Pain during sleep: when does it kick in?

Here’s the deal, my room is heated by a radiator that I cannot control (I live in a dorm room…), and the radiator gets really hot sometimes! The room is extremely small, and my bed is right up against the radiator. I’ve lived in this room, with this furnature configuration for 3 years now, and never a problem… until now.

The other day, I went to bed as usual. I woke up at maybe 3AM, with my left hand hurting… turned on the light to discover two HUGE 3rd degree burns on the back of my hand (immediatley below my thumb). The one closest to the thumb is 2.5 cm. long, and 1.5 cm. wide. The second one, below the first is 2.5 cm. long, and .5 cm. wide. When I first noticed them, they were blistered (and I’ve had blisters before, but nothing like this!). The next day, the blisters popped, and I now have two huge lesions on my hand; the smaller one may not scar, but the larger probably will… I give measurements to point out that these are fairly sever burns, that one would normally notice.

The only explanation I can come up with is that I rolled up against the radiator in my sleep… My Q is this: why didn’t I wake up when my hand began to burn? How long does it take pain to kick in when you’re asleep?

An actual third degree burn would kill off your nerves, but that really doesn’t answer your question.

I sleep very light unless I am tired. If I get up at 5am workout go to work, work till 9pm come home eat and go to be at 11pm I sleep sound. Because I am very tired.

OTC drugs can dull your pain perception.

Or maybe it is akin to a sunburn. You really don’t feel a sunburn right away it takes (at least in my case) about an hour after leaving the sun.

[aside]What you’ve got there doesn’t sound like a third degree burn, where the tissue is actually charred and bunrt away. Blisters are a second degree burn. Of course, a second degree burn is still pretty serious.[/aside]

Right you are, Chronos! I shoulda checked before I wrote that… OK, I modify it to a heinous 2nd degree burn! I still wanna know why, however…

I’d like to know exactly how hot it gets. 40 degrees C, 50?

The neural pathways for extremes of temperature are in short reflex arcs that don’t pass through the cerebral cortex. In other words you don’t have to think about moving your hand off a hot surface, it’s one of the fastest reflexes. So even asleep, you probably moved your hand away quickly, and the sensation of pain never reached consciousness enough to wake you. Even a moment on a very hot surface can cause a 2nd Degree burns as I can attest from my experience making a home made smoke bomb in my kitchen in high school.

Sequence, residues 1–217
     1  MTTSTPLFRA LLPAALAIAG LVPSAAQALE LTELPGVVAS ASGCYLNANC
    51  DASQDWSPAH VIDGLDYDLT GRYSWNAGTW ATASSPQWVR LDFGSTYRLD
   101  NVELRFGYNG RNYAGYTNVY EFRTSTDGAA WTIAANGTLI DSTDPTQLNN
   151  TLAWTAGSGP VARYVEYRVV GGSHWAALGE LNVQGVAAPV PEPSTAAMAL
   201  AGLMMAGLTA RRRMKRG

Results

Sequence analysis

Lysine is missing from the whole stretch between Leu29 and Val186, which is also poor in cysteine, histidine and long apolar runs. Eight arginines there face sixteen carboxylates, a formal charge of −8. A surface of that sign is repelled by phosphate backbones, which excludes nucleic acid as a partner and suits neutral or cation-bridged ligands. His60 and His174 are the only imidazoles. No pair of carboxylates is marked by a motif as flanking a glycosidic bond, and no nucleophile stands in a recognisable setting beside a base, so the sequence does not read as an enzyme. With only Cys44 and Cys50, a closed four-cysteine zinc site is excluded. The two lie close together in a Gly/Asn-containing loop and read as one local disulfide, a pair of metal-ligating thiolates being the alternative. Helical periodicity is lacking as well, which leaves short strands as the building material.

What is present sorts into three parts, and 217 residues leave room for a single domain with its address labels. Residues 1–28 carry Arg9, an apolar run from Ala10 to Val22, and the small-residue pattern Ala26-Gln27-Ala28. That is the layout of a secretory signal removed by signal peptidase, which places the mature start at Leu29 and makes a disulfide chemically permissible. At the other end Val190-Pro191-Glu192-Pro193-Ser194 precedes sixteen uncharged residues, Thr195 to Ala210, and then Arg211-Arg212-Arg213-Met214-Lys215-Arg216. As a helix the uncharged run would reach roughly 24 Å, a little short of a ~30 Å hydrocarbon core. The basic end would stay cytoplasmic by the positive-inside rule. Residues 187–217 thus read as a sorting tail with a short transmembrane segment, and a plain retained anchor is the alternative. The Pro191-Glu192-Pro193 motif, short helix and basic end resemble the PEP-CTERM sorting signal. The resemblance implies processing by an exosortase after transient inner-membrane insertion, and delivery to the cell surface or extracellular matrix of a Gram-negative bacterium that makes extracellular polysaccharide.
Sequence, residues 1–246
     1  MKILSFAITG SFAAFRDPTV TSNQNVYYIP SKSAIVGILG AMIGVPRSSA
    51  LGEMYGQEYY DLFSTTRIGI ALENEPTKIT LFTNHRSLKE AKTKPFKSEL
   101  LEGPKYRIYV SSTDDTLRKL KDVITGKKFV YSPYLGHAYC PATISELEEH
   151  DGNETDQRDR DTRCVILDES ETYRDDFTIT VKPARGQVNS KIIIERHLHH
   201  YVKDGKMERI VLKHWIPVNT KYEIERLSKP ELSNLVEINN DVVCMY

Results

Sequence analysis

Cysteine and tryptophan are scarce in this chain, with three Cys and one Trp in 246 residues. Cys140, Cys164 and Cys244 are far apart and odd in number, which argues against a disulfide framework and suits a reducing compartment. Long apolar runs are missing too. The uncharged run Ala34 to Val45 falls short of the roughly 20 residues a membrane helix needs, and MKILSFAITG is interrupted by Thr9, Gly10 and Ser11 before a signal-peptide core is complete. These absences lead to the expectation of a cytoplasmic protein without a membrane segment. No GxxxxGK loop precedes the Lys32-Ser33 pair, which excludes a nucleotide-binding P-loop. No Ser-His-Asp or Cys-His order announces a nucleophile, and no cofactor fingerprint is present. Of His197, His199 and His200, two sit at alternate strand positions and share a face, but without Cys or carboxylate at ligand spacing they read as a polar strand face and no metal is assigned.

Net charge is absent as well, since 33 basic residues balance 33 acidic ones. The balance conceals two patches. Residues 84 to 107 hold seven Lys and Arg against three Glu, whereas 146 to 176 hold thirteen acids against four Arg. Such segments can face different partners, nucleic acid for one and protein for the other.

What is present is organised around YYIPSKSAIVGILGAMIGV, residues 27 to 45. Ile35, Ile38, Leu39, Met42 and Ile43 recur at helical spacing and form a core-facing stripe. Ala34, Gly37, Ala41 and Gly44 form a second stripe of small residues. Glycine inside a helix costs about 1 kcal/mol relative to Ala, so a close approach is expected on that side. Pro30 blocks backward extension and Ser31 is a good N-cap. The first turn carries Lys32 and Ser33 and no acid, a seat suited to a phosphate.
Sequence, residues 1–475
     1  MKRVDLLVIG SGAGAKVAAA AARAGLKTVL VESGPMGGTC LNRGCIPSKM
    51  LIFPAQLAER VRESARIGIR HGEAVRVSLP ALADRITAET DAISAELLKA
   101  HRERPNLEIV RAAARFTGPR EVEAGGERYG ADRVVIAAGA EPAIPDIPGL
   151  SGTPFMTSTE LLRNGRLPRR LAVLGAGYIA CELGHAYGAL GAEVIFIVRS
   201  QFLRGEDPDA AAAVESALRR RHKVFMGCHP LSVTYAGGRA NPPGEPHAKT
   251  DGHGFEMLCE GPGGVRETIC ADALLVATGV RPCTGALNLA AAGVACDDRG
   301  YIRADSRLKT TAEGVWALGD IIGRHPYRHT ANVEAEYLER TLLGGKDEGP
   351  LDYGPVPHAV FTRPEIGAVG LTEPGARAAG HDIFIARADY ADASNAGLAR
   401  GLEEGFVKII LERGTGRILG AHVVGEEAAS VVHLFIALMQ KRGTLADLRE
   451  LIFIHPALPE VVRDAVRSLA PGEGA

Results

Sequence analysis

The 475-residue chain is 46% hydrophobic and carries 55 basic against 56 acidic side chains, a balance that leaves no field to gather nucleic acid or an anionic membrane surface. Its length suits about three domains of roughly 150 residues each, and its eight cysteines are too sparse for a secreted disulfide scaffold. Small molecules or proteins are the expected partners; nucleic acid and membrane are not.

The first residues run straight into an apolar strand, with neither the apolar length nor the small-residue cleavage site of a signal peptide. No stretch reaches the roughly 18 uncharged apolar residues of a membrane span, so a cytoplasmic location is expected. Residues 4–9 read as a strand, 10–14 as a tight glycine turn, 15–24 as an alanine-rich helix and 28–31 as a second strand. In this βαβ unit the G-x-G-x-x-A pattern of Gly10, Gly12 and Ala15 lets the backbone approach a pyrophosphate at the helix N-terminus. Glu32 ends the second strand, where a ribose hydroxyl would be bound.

Exactly! That’s why I wanna know why I have these two huge burns on my hand…

How hot does it get? I don’t know… I don’t have a thermometer here to measure it with, but as a guess: it’s a steam-powered radiator, so it probably gets somewhere in the neighborhood of 90 or 95 degrees C (maybe a bit cooler than that, as I don’t know much about how these things work…but it definitely gets hot enough that you can’t hold your hand on it for more than a second or so. Hot enough that I can put my hand on it as long as I can stand it, and immediately transfer said hand to Astrofiancee’s naked butt (much to her annoyance), and have her yell "OW! You [censored][censored]! Stop it!! :D).

Astrofiancee’s reaction to my burns was: “WTF? Were you drunk??” No, I wasn’t… but I DID drink 3 or 4 beers about 4 hours or so before bedtime… could that small amount of alcohol account for it? Seems doubtful to me, as I’ve gone to bed WAY drunk on several occasions in the 3 years or so that I’ve lived here, and never had any problems…

Hmmm… :confused:

Have you considered that you might have been laying on your arm, so it was “asleep” and numb? combined with contact with the radiator, it might account for being burned without feeling it. There is an instinct that causes healthy people to shift their weight during the night, but it might have only taken a few minutes to get they burn, followed by a shift which took the pressure off the nerve, followed by, “HEY WTF???”

That’s my guess.

Coming from experience (I used to work in a kitchen) it only takes a split second of contact with something ridiculously hot (like a radiator, hot pan or the floor to ceiling pipe in my bathroom)to seriously burn you. You may have made quick contact with the radiator in the night as you slept, pulled your hand quickly away and (if you are a heavy sleeper) gone swiftly back to sleep, forgetting the whole episode and awakening when the burn started really hurting after a while.

I am reminded of a time my college roommate dressed as a death-looking type creature and kept tapping me until I woke up. Naturally, I screamed in fright upon seeing him but realizing it was my roommate muttered something about his mother and went right back to sleep. I relate this story second hand because I remember none of it. I am assured it occured by others who were supposedly in the room. I don’t remember them either. It’s a amazing what a deep sleep can do.

Hey! Frolix8! That might be just what happened! I am prone to sleeping on my arm and having it go numb…

Thanks! Even if that’s NOT what happened, at least I have a plausible explanation. :slight_smile: